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,Financial scandal: A Credit Suisse logo is seen at the group’s headquarters in Zurich. Archegos’ meltdown has forced big banks, including Nomura, Credit Suisse, UBS, Deutsche Bank, Goldman Sachs and Morgan Stanley, to liquidate their stock positions. — Bloomberg
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SINGAPORE: Banks are facing billions of dollars in losses after a little-known US investment firm, Archegos Capital Management, defaulted last month on margin calls, forcing a brutal near US$30bil (S$40.4bil or RM124.14bil) stock fire sale.
In an era of easy money, Archegos was able to borrow so much that its failure created shockwaves large enough to ripple across global financial markets.
Here’s how it happened:
New York-based Archegos was set up by Bill Hwang, 57. Before he lost it all – all US$20bil in two days – Hwang was the greatest trader you’d never heard of.
He was formerly a stock *** yst with storied hedge fund Tiger Management, founded by legendary fund manager and US billionaire Julian Robertson.
Robertson closed his fund in 2000, but handed Hwang, one of his proteges or “Tiger cubs”, about US$25mil to launch his own fund, Tiger Asia Management, in 2001. Hwang grew his firm’s assets to over US$5bil at its peak.
But Hwang shut the fund in 2012 after pleading guilty to US insider trading, paying US$60mil to settle charges of manipulating Chinese stocks. He was also banned from trading securities in Hong Kong for four years in 2014.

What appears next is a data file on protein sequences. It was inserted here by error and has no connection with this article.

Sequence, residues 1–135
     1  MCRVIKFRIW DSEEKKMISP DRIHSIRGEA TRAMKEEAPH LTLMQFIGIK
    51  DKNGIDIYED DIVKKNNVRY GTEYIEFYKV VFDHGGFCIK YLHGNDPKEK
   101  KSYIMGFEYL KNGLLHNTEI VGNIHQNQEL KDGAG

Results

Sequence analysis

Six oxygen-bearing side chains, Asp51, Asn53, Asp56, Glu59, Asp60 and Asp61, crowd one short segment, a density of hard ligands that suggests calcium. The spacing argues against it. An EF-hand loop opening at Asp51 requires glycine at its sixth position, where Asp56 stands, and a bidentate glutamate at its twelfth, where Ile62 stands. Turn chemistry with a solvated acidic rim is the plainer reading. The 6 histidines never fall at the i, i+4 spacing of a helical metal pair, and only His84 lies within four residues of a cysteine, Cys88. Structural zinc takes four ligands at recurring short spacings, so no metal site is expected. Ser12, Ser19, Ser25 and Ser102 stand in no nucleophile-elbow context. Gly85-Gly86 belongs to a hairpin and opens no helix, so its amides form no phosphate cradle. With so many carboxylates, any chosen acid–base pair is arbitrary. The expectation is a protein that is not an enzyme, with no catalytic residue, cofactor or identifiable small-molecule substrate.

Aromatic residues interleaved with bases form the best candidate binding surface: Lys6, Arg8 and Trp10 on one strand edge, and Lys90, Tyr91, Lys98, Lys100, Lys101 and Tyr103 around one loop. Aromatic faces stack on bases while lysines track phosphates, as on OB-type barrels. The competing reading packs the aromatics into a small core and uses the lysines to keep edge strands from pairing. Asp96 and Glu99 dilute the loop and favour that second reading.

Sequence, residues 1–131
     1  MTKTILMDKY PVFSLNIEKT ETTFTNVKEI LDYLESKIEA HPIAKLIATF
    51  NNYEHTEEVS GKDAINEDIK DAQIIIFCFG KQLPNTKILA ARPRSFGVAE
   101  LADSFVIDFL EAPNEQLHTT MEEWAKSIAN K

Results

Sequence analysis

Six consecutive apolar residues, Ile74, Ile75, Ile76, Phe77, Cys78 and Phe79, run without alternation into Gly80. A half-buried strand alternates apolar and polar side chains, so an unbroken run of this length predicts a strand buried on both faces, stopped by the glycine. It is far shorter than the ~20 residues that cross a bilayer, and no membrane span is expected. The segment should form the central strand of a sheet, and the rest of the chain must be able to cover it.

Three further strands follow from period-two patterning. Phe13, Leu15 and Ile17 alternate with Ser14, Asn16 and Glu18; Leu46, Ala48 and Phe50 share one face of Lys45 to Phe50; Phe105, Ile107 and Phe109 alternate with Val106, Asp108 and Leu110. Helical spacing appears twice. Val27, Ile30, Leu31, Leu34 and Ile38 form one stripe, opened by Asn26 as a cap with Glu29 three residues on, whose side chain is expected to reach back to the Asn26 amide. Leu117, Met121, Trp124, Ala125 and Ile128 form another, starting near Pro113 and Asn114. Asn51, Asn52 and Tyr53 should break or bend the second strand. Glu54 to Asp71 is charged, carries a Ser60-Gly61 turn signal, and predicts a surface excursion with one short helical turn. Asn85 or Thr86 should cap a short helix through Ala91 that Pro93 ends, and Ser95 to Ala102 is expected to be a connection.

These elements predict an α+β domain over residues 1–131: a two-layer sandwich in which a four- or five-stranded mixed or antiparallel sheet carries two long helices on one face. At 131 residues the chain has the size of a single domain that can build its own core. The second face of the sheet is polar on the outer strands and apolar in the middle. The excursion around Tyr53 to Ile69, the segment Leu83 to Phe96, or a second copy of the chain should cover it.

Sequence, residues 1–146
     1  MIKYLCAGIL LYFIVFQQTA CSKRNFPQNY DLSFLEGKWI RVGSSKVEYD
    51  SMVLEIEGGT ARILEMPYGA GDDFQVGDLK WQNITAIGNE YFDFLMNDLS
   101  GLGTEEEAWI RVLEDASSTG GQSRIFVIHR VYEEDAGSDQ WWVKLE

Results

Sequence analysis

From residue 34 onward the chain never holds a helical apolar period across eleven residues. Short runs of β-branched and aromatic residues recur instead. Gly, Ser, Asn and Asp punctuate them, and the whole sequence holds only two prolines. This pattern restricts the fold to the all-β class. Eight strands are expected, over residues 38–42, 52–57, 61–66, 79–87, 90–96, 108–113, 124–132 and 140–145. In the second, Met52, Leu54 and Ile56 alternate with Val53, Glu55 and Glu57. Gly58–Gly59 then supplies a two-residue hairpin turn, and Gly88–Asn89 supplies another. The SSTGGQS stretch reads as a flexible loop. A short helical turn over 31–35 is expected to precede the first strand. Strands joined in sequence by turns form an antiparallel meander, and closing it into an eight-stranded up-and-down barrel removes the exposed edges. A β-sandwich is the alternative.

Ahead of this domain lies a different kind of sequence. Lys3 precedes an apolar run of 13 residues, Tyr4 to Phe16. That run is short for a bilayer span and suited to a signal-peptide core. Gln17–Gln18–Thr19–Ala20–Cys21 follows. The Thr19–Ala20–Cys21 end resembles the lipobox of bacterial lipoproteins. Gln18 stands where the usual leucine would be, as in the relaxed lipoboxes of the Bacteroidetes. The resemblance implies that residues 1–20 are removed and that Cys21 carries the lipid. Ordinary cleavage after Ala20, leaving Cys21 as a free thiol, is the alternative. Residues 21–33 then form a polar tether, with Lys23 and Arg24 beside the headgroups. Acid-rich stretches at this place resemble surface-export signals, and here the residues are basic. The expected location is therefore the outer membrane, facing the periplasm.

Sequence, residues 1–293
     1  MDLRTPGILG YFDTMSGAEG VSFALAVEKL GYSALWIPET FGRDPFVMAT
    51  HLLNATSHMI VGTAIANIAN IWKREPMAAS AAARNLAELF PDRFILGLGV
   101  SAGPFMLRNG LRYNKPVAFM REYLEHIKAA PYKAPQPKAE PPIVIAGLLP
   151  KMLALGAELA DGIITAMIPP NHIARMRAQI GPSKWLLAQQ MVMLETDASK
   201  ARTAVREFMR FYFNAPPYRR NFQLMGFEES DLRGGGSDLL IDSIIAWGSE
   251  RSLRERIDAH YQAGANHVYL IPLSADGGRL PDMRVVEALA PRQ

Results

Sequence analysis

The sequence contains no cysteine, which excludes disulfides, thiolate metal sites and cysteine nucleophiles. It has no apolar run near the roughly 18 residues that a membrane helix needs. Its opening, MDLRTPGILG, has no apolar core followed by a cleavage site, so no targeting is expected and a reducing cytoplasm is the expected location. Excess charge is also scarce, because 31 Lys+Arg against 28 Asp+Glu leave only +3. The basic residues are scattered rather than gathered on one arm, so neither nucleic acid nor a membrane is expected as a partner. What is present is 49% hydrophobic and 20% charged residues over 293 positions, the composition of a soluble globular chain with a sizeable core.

So Hwang went private. He converted Tiger Asia into a single-family office, Archegos, in 2013 to manage his personal wealth. These firms that manage the money of wealthy families are generally outside regulatory scrutiny in the US and most of their information is not in the public domain.
A Bloomberg report noted Hwang as anything but the larger-than-life figure one might expect at the centre of a financial fiasco. There’s no penthouse overlooking Manhattan’s Central Park, no hillside chalet at the Yellowstone Club, no private jets.
“I grew up in a pastor’s family. We were poor,” he said in a video recorded at New Jersey’s Metro Community Church in 2019. “I confess to you, I could not live very poorly. But I live a few notches below where I could live.”
Hwang owns a suburban New Jersey home and drives a Hyundai SUV. His is the paradoxical story of a man devoted to his church and driven to give generously, with a consuming taste for casino-like risk in his professional life.
For now, Hwang isn’t saying why he played such a dangerous game, and neither are his bankers. But pieces of the puzzle are falling into place.
Modest on the outside, Hwang had all the swagger he needed inside the Wall Street prime-brokerage departments that finance big investors.
Archegos had assets of around US$10bil but its real exposure to stocks was much more, with some reports putting it at US$50bil.